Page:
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Targeted gadolinium-loaded dendrimer nanoparticles for tumor-specific magnetic resonance contrast enhancement

Authors Swanson SD, Kukowska-Latallo JF, Patri AK, Chen C, Ge S, Cao Z, Kotlyar A, East AT, Baker JR

Published 6 June 2008 Volume 2008:3(2) Pages 201—210

DOI https://doi.org/10.2147/IJN.S2696


Scott D Swanson1, Jolanta F Kukowska-Latallo2, Anil K Patri5, Chunyan Chen6, Song Ge4, Zhengyi Cao3, Alina Kotlyar3, Andrea T East7, James R Baker3

1Department of Radiology, The University of Michigan Medical School, 2Department of Internal Medicine, The University of Michigan Medical School, 3Michigan Nanotechnology Institute for Medicine and Biological Sciences, The University of Michigan, 4Applied Physics, The University of Michigan, MD, USA; 5Present address: National Cancer Institute at Frederick (Contractor), MD, USA; 6Present address: Intel Corporation, Chandler, AZ, USA; 7Present address: Stritch School of Medicine, Chicago, ILL, USA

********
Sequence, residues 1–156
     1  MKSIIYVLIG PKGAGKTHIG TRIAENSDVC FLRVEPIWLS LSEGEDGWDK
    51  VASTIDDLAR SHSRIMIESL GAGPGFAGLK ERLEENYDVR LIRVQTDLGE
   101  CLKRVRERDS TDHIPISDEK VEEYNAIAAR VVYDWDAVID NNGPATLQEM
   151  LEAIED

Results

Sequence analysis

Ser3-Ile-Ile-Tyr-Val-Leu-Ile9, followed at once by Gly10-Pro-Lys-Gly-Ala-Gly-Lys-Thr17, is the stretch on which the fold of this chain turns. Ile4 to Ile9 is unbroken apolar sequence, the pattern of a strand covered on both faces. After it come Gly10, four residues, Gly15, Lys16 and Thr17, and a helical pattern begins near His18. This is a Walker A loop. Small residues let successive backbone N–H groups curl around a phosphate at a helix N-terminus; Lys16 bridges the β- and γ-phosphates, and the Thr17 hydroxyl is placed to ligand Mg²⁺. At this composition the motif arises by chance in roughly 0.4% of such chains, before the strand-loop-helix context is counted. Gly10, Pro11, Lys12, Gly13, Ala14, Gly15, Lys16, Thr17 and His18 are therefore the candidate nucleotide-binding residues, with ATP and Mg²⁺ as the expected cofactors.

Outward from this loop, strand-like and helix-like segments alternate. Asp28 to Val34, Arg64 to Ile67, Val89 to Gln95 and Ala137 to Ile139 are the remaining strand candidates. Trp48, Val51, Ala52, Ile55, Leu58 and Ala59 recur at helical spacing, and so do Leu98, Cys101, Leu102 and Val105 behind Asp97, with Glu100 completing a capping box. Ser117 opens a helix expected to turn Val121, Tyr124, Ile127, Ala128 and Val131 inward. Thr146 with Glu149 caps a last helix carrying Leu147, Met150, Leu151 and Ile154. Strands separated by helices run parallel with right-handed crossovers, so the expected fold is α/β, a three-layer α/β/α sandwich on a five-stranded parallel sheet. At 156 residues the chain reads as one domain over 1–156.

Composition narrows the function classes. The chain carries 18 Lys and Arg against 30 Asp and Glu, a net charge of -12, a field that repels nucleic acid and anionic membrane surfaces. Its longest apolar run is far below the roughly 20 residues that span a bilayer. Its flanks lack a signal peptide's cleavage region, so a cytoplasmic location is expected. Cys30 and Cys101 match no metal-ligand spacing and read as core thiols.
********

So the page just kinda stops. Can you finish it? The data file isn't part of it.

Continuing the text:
Abstract: A target-specific MRI contrast agent for tumor cells expressing high affinity folate receptor was synthesized using generation five (G5) of polyamidoamine (PAMAM) dendrimer. Surface modified dendrimer was functionalized for targeting with folic acid (FA) and the remaining terminal primary amines of the dendrimer were conjugated with the bifunctional NCS-DOTA chelator that forms stable complexes with gadolinium (Gd III). Dendrimer-DOTA conjugates were then complexed with GdCl3, followed by ICP-OES as well as MRI measurement of their longitudinal relaxivity (T1 s−1 mM−1) of water. In xenograft tumors established in immunodeficient (SCID) mice with KB human epithelial cancer cells expressing folate receptor (FAR), the 3D MRI results showed specific and statistically significant signal enhancement in tumors generated with targeted Gd(III)-DOTA-G5-FA compared with signal generated by non-targeted Gd(III)-DOTA-G5 contrast nanoparticle. The targeted dendrimer contrast nanoparticles infiltrated tumor and were retained in tumor cells up to 48 hours post-injection of targeted contrast nanoparticle. The presence of folic acid on the dendrimer resulted in specific delivery of the nanoparticle to tissues and xenograft tumor cells expressing folate receptor in vivo. We present the specificity of the dendrimer nanoparticles for targeted cancer imaging with the prolonged clearance time compared with the current clinically approved gadodiamide (OmniscanTM) contrast agent. Potential application of this approach may include determination of the folate receptor status of tumors and monitoring of drug therapy.

Keywords: dendrimer, DOTA, gadolinium, MRI, folate receptor

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